Mary Pat Angelini

Assemblywoman Mary Pat Angelini (R-Monmouth), the CEO of behavioral health provider Prevention First, cited statistics that for every $1 spent on evidence-based prevention efforts, there is a long-term savings of $15 in costs to society, while a similar ratio exists for drug treatment, with $10 in savings for every $1 spent.

“This is an investment that our children — our communities — deserve,” Angelini said.

The 21-bill package includes proposals to require health-insurance plans to cover behavioral healthcare services when a healthcare provider deems it medically necessary; to increase Medicaid reimbursements for some behavioral healthcare; and to require doctors and other prescribers to participate in the state program monitoring opioid prescriptions.

Several of the bills have drawn sponsors from both parties. Senate Health, Human Services and Senior Citizens Committee Chairman Joseph F. Vitale (D-Middlesex), who has focused on the opioids issue over the past 18 months, said the Christie administration has expressed interest in the proposals.

But some healthcare providers have said the legislation’s goals can be achieved without adding more mandates.

In addition, at a time of persistent state budget shortfalls, the cost is expected to be “tens of millions” of dollars, Vitale said. That means fiscal realities would make it difficult to implement some of the legislation before the next budget year begins in July 2015.

Patty DiRenzo, a Blackwood resident whose 26-year-old son Salvatore died of an overdose in 2010, said expanded insurance coverage is a necessary step. She said her son was repeatedly turned away from treatment because his insurance wouldn’t cover it.

“New Jersey is facing an epidemic and we are losing a generation of children to this disease,” DiRenzo said.

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Angelini and other lawmakers set to combat heroin, opiate abuse

Asbury Park Press -

State lawmakers unveiled nearly two dozen bills in a sweeping effort to curb heroin and prescription drug abuse, a crisis that has gripped New Jersey and especially the Jersey Shore region.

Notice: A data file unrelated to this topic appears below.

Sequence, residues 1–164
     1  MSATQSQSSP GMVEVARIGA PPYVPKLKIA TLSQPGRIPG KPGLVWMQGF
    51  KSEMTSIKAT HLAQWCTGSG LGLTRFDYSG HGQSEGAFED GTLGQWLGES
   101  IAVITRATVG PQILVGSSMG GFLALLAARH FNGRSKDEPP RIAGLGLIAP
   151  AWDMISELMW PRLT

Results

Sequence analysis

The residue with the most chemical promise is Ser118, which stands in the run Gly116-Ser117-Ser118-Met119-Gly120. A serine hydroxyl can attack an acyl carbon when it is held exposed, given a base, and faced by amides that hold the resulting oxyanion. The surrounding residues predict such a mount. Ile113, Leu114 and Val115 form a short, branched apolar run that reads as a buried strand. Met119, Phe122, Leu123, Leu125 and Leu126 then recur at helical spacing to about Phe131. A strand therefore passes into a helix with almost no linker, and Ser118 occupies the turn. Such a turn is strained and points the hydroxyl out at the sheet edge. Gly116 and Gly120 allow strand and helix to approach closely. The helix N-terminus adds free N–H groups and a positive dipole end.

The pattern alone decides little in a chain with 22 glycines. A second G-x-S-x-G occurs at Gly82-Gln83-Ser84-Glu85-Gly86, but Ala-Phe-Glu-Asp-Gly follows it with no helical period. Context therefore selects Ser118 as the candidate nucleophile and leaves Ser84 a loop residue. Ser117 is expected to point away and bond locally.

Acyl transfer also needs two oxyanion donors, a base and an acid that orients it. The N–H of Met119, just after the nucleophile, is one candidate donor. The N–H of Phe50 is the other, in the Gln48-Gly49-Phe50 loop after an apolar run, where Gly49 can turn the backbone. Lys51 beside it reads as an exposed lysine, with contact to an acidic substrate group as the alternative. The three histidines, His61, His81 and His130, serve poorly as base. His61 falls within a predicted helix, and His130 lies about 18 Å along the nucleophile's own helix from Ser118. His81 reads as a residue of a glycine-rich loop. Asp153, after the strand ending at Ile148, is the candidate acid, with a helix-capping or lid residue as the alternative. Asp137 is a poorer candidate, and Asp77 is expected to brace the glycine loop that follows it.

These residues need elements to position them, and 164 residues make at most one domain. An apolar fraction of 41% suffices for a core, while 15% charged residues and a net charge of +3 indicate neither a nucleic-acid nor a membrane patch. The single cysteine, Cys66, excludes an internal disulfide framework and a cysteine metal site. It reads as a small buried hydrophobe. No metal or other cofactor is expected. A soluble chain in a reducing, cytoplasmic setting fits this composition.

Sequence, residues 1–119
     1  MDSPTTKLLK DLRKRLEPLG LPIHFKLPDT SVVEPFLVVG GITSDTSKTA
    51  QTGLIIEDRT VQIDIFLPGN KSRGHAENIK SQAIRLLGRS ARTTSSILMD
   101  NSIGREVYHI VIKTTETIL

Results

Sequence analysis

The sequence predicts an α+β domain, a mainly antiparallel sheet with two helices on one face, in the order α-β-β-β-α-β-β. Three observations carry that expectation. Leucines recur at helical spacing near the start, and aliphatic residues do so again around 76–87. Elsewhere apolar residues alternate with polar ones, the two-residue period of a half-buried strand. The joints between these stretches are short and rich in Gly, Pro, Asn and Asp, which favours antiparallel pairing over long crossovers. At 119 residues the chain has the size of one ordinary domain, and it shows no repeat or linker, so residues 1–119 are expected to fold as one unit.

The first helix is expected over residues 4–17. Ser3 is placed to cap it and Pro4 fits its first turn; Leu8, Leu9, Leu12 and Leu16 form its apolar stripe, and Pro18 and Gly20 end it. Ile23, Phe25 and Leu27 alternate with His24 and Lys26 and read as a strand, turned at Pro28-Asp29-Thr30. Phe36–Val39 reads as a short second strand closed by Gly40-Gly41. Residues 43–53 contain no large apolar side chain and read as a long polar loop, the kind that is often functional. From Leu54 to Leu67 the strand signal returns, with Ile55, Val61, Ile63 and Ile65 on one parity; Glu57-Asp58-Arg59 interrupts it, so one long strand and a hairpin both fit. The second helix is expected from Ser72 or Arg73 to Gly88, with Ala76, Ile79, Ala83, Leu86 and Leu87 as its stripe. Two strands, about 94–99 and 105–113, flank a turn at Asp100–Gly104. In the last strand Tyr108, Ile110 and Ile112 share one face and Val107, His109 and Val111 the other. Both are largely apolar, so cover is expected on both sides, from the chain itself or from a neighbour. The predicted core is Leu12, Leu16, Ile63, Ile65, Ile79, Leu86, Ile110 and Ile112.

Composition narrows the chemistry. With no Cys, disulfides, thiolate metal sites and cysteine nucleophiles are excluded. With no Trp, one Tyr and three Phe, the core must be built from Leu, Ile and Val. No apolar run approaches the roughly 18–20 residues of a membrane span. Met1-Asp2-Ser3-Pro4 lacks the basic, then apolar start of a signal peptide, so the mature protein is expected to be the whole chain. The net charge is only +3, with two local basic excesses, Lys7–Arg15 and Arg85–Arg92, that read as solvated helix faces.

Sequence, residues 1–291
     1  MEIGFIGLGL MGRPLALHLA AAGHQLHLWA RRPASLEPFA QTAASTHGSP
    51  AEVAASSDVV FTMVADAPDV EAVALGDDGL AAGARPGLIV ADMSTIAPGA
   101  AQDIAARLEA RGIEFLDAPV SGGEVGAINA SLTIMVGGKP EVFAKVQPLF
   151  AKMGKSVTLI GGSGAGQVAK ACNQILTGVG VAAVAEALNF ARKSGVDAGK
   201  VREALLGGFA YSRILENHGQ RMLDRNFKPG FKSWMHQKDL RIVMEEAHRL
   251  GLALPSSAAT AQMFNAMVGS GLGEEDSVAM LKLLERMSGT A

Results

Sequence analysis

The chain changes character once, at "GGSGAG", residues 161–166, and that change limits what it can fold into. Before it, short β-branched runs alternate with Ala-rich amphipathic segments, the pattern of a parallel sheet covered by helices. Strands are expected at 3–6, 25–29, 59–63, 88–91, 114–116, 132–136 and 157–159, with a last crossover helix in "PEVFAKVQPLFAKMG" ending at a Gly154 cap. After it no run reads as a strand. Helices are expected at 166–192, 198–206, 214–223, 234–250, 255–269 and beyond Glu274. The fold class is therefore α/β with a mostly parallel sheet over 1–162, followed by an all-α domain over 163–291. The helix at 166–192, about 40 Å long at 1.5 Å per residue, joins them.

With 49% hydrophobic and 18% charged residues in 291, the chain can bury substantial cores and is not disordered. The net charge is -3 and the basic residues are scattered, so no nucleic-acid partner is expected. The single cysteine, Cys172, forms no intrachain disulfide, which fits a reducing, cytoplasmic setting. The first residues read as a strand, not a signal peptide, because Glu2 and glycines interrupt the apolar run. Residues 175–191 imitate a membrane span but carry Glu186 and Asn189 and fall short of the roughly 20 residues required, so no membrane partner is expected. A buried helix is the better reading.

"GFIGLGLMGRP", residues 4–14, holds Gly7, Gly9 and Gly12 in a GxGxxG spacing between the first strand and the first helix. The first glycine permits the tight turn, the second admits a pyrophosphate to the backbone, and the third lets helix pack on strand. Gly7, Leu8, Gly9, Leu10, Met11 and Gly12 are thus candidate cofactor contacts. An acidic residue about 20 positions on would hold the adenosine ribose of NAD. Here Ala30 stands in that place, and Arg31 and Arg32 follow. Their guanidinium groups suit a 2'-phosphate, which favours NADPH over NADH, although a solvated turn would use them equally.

The 21 bills, formulated over the past year and a half, strike to core weaknesses in New Jersey’s substance abuse and treatment system.

Legislators held up the package of bills as a comprehensive, evidence-based approach to an epidemic that claimed more than 550 lives in New Jersey last year — a fifth from Ocean County. There were 112 heroin-related deaths in Ocean County and 61 in Monmouth last year, authorities have said.

The prescription drug monitoring program, for example, would be changed require pharmacies to update the database once a week rather than once a month to better monitor trends of doctor-shopping, where addicts visit multiple doctors to obtain scripts for narcotics.

Mary Pat Angelini

Legislators hailed the package as a bipartisan effort with wide support, because “this issue has touched every inch of New Jersey,” said Assemblywoman Mary Pat Angelini, R-Monmouth.

But it’s going to cost money. Sen. Joe Vitale estimated an initial cost of $20 million and said he anticipates items in the bills to be included in the next budget discussions.

The Overdose Protection Act, which allows law enforcement to carry the opiate antidote naloxone, would be expanded to include substance abuse workers and volunteers, and would require those who administered the antidote to provide the patient with overdose prevention information.

Other bills include:

• Updating how abuse and addiction are taught in schools by requiring the Department of Education to review its curriculum to include “the most recent evidence-based standards and practice.”

• Allowing medication-based therapies, like Suboxone and methadone, in the drug court system.

• Expanding Project Medicine Drop locations.

• Requiring the state Poison Control Center to establish a clearinghouse of drug overdose information.

Lawmakers made the case on Tuesday that not undertaking these efforts will end up costing taxpayers more money. Multiple studies have shown returns for every dollar spent on prevention saves between $7 and $15 in crime and criminal justice costs.

“This is a health issue,” Angelini said. “And what will it look like if we don’t address it?”

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Angelini bill to curb huffing trend among young people

Source: NJ 101.5 -